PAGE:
Today the venerable purveyor of educational media launched Curiosity.com, an online marketplace that features learning-oriented content from around the Web.
“People often want to learn, but they don’t know what they want to learn — should they learn about their hobby, their job, or the job they wish they had? There is choice fatigue,” Curiosity’s head Gabe Vehovsky said in an interview. “To take time out of your life to feed your mind and be inspired, you need something to ignite that curiosity.”
The Internet holds a vast wealth of educational content, but it’s on dozens of different sites; it lacks one central place where people can go to find, filter, rank, and organize content that interests them.
The Discovery Channel plans for Curiosity to become that hub.
The site has content from 76 online education providers, including well-known MOOCs like Khan Academy and Coursera and DIY site Craftsy. At launch, Curiosity should have around 100,000 talks and videos in its database on a wide range of topics
Curiosity provides search filters for inputting preferences on topics or class types, such as free versus paid, or scheduled versus anytime. The site also has a “spark quiz” that prompts you with questions, such as “which magazine would you rather read,” to recommend content. People can pick and choose videos from various topics and providers and organize them into their own collections.
“We want Curiosity to introduce people to something new, something they didn’t even know interested them, whether that’s chess, astronomy, cake decorating, chemistry, economics, genetics, investments, or gardening,” Vehovsky said. “People are happy to view their education days in a rearview mirror, and that’s a shame. If we can help make learning online a more predominant activity, that’s the best case scenario.”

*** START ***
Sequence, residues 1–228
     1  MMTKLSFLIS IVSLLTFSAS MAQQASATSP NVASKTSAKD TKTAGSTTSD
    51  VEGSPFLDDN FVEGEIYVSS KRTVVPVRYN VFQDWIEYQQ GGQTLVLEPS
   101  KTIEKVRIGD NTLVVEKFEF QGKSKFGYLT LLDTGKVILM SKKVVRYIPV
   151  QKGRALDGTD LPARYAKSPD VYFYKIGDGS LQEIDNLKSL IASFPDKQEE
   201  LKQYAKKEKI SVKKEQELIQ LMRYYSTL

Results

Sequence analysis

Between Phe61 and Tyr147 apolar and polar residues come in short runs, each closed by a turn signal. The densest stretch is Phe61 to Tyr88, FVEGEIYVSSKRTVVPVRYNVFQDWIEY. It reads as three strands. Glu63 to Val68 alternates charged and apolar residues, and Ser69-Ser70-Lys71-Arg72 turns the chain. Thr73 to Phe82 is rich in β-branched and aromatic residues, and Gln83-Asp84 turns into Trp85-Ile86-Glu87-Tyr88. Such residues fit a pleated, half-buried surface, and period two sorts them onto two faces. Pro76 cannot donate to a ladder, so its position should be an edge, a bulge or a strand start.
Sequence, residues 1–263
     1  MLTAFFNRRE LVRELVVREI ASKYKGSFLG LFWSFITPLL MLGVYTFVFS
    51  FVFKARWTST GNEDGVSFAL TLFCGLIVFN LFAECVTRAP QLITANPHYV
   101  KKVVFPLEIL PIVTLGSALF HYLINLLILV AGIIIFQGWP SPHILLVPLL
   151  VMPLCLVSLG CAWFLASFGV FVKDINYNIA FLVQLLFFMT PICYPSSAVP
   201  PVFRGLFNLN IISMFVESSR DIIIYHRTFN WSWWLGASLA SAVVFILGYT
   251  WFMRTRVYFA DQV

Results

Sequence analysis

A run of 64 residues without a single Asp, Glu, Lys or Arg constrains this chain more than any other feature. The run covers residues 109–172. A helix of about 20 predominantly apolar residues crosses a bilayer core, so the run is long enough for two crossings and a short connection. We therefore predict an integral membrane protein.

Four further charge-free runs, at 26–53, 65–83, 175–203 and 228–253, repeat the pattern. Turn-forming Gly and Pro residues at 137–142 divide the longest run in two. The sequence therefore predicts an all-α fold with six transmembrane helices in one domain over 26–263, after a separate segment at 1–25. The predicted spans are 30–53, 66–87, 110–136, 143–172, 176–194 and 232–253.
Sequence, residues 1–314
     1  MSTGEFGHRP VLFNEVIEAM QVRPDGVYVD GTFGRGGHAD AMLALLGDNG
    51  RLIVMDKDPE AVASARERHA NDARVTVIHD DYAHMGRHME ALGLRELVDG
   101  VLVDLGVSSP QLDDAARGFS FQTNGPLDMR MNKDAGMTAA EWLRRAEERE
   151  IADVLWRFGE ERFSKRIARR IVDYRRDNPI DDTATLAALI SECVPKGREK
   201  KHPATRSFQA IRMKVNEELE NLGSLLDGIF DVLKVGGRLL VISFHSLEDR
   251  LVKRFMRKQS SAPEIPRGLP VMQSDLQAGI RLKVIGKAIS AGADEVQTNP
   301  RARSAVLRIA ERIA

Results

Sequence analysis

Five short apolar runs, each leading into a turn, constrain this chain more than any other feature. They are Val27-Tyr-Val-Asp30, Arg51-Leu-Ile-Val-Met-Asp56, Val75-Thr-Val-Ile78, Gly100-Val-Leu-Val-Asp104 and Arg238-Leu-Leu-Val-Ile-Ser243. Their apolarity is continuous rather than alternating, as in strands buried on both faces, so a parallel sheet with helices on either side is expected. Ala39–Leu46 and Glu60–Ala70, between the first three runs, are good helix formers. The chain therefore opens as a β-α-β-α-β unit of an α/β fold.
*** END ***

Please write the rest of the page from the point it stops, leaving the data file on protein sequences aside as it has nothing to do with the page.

Vehovsky is the executive vice president of digital strategy and emerging businesses at Discovery Communications — an international conglomerate with 2 billion subscribers, 50 network entertainment brands, and more than 40 digital video channels.
The “emerging businesses” team focuses on new digital initiatives. Part of Vehovsky’s job is to stay on top of technology trends. He observed the rise of both online education and vertical marketplaces, but he also saw a gap between the two.
Online education is indeed a crowded space. We’ve got Khan Academy, Coursera, Udacity, Udemy, and Lynda.com, and those are just the major players. For someone not well acquainted with the various platforms or unsure about what they want to learn, this landscape can be overwhelming.
“We’ve seen this trend of vertically centric marketplaces that makes content for a particular genre more accessible, but nothing in the online learning space,” Vehovsky said. “We want to give people options, and be that rising tide that helps all the boats rise in the online learning space.”
Vehovsky said Curiosity’s target audience are lifelong learners, rather than someone pursuing an academic degree or career enhancement. Like other Discovery properties, it is about learning for the sake of learning.
Sample courses include “Sports and Society,” a Duke University course featured on Coursera; “How Nanotechnology will end diseases,” a talk given by Ray Kurzweil via the AOL On Network; Udemy course “iPhone Photography Pro; and a seven-part lesson plan from Craftsy on “Building Flavorful Soups.”
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